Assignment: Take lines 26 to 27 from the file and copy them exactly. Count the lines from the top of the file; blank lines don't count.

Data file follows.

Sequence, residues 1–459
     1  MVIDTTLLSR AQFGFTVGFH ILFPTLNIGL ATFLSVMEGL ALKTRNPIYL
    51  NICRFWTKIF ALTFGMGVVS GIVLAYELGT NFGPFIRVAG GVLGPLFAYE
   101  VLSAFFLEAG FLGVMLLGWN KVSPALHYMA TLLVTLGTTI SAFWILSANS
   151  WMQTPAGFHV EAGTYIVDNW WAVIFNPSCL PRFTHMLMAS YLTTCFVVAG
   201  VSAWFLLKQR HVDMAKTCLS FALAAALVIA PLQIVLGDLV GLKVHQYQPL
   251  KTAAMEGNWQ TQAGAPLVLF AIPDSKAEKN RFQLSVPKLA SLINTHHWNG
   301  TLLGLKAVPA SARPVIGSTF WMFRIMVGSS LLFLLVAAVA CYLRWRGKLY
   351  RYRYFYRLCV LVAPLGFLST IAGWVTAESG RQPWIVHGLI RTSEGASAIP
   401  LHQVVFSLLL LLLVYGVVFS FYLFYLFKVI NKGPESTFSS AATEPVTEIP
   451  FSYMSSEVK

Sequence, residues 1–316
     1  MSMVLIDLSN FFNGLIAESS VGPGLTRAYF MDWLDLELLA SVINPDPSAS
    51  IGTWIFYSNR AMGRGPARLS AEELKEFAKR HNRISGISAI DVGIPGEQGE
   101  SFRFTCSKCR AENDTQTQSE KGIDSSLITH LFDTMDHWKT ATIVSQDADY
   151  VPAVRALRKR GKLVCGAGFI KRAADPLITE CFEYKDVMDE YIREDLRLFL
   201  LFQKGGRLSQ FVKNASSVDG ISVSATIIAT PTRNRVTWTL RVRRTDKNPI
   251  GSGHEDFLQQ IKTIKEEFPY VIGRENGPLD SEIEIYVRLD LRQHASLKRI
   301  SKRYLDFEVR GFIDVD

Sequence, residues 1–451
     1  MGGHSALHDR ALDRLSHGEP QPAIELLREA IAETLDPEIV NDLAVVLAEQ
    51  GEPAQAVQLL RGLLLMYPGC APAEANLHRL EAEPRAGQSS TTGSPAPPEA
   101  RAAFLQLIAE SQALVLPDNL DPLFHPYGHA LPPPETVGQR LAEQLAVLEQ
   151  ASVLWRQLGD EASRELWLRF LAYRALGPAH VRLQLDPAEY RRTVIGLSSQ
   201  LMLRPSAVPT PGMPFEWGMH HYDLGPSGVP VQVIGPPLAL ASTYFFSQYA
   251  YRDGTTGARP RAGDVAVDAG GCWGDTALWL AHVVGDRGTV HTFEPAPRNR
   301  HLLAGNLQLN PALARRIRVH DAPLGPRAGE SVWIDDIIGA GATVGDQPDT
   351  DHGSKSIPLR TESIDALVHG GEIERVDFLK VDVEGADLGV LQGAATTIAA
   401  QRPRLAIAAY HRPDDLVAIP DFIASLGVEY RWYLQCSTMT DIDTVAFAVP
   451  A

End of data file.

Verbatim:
   251  YRDGTTGARP RAGDVAVDAG GCWGDTALWL AHVVGDRGTV HTFEPAPRNR
   301  HLLAGNLQLN PALARRIRVH DAPLGPRAGE SVWIDDIIGA GATVGDQPDT